To reduce unemployment South Africa needs to prioritise labour-intensive work instead of higher wages, write professors Jeremy Seekings and Nicoli Nattrass.
Men wait along Strand Street in Cape Town, hoping to get work for the day. This is a common sight across the city. Photo: Ashraf Hendricks
W. Arthur Lewis is the only person of African descent to have won the Nobel prize for economics. Lewis, who might be considered the founding father of development economics in the 1940s and 1950s, combined writing and teaching with providing economic advice to policy-makers, including Ghana’s first president, Kwame Nkrumah.
Lewis thought extensively about the path along which farming societies in the Caribbean, Africa and elsewhere could develop. He focused on the structural changes needed in societies with what he called “unlimited supplies of labour” or “surplus labour”.
In these societies, he argued, labour can move out of the peasant farming sector — without affecting production there — and into low-productivity capitalist sectors, including industrial sectors such as clothing manufacturing, if wages in those sectors are low in line with productivity.
As capitalist economies grow, Lewis argued, they will reach a turning point at which labour becomes scarce. They will then shift into higher-productivity sectors and wages will rise.
Lewis’s model was reflected in the economic history of East and South-east Asian countries. The economies of Korea, Hong Kong and China developed through job creation in labour-intensive manufacturing sectors before these economies reached the Lewisian turning-point and wages began to rise.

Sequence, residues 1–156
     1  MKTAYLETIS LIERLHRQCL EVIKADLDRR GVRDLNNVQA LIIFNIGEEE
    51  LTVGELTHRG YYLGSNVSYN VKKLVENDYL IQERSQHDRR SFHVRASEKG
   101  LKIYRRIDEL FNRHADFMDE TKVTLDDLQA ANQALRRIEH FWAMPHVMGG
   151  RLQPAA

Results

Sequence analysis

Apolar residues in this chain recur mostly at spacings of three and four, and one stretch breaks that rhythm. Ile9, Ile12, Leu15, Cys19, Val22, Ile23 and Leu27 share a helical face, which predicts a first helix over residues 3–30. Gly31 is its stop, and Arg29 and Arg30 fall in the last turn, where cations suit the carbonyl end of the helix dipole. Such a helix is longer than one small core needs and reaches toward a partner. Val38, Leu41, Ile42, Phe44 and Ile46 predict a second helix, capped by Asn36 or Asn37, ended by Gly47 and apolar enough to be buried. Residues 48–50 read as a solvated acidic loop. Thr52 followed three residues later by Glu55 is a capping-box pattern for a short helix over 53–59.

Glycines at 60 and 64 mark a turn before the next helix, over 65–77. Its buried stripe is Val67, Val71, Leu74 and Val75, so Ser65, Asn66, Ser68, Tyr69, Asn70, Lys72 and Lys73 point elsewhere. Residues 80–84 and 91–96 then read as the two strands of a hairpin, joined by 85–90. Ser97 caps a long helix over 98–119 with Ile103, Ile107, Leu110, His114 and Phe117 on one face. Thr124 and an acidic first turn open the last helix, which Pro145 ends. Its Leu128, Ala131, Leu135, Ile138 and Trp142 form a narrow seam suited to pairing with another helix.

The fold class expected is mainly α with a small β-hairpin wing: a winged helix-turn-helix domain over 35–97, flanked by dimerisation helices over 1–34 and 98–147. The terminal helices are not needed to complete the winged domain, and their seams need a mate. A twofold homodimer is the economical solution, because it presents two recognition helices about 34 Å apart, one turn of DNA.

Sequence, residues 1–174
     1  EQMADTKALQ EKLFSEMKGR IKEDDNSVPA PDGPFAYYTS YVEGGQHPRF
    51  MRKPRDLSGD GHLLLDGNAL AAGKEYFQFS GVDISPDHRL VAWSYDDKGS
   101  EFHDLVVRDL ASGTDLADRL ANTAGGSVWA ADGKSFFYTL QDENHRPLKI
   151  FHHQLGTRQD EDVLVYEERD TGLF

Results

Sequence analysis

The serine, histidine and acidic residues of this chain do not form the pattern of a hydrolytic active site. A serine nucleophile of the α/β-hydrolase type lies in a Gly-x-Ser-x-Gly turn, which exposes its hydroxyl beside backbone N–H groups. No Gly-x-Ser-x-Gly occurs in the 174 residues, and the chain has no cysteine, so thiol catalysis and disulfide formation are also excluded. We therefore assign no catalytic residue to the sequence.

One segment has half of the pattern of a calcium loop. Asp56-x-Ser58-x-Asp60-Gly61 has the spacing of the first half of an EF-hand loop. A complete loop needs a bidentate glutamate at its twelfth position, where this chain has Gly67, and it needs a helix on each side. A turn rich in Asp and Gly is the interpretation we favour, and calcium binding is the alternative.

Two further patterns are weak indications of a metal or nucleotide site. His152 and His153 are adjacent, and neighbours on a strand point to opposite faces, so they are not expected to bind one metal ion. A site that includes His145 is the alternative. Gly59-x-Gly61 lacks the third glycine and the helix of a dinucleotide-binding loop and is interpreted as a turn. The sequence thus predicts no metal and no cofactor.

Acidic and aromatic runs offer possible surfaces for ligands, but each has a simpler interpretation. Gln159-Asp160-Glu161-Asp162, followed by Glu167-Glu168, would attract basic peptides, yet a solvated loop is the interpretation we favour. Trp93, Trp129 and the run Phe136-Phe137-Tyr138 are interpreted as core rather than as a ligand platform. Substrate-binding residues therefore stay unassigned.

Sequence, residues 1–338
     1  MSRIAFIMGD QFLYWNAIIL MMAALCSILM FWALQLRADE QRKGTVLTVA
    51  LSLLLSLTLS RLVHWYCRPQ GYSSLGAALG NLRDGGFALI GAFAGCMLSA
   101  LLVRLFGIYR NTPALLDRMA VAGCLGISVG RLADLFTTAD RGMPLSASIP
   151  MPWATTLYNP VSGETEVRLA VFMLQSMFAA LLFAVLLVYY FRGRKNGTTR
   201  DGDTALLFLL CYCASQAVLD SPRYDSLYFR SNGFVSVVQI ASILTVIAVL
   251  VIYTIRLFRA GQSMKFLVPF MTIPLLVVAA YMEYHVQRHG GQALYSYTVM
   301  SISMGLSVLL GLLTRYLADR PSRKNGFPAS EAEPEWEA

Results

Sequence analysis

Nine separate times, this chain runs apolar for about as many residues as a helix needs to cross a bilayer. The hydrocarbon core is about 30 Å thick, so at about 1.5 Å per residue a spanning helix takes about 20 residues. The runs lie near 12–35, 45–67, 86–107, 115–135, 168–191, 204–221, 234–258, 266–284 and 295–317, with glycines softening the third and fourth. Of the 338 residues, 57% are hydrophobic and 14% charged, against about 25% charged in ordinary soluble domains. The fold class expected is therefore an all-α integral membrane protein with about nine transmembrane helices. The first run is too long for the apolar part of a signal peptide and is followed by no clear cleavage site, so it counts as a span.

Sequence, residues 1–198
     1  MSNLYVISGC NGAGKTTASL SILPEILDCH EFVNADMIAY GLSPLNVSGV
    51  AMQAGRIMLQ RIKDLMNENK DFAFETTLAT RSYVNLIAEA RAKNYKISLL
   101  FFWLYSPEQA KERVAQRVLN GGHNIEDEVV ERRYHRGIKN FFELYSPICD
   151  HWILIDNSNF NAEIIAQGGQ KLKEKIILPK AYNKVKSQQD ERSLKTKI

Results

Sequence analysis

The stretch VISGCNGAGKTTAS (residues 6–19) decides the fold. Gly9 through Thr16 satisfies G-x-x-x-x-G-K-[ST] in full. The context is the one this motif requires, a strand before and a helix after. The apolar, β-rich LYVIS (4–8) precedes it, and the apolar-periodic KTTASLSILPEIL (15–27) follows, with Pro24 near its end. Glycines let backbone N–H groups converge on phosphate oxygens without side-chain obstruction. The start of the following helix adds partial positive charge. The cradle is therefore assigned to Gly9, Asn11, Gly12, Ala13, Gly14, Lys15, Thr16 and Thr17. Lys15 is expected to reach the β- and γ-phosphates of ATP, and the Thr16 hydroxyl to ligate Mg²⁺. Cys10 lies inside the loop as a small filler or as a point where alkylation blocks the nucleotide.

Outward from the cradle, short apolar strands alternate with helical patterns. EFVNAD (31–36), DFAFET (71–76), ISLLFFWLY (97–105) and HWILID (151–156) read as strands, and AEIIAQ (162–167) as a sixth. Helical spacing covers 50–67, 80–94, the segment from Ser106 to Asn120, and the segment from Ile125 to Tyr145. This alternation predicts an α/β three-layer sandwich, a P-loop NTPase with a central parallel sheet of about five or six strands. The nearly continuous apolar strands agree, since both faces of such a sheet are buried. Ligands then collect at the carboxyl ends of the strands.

Lewis’ ideas are very relevant today across much of Southern Africa. In South Africa and most of its neighbours, “surplus labour” exists in the form of massive unemployment and under-employment (employed at less than full-time or paid too little for economic needs) rather than in subsistence agriculture.
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Faced with this kind of economy, Lewis would recommend that the government expand the clothing manufacturing sector and other labour-intensive capitalist sectors.
But this is not how the South African economy has evolved over the past twenty-five years. Instead, South Africa’s industrial sectors have become more and more capital- and skill-intensive. The demand for less skilled labour in these sectors has collapsed.
Economists refer to the effect of economic growth on employment as the employment elasticity of growth.
An employment elasticity of 1 means that, when the economy or sector grows by, say, 2%, employment grows at the same rate, i.e. by 2%. If the employment elasticity is more than 1, then economic growth results in a faster rate of job creation. If the employment elasticity is less than 1, then employment rises more slowly than output.
Data suggests that in the South African manufacturing industry employment elasticity has not only been less than 1, it has been negative.
In an economy with surplus labour, the goal of job creation requires a high employment elasticity of growth. Only when the economy reaches the Lewisian turning-point should raising wages become more of a priority than creating jobs.
Rising manufacturing output has not resulted in any overall job creation in manufacturing.
In developing economies, economic growth can generate lots of short-term jobs in sectors such as construction. Sustainable job creation on a large scale generally requires, however, job creation in labour-intensive manufacturing sectors such as clothing manufacturing. To create jobs on a large scale requires taking advantage of global markets by producing labour-intensive products for export.
This was what the East Asian tigers – including China – did. The south-east Asian countries are now doing the same thing: In Vietnam, Cambodia and Thailand, an additional one million jobs in clothing production were created between the mid-1990s and mid-2000s.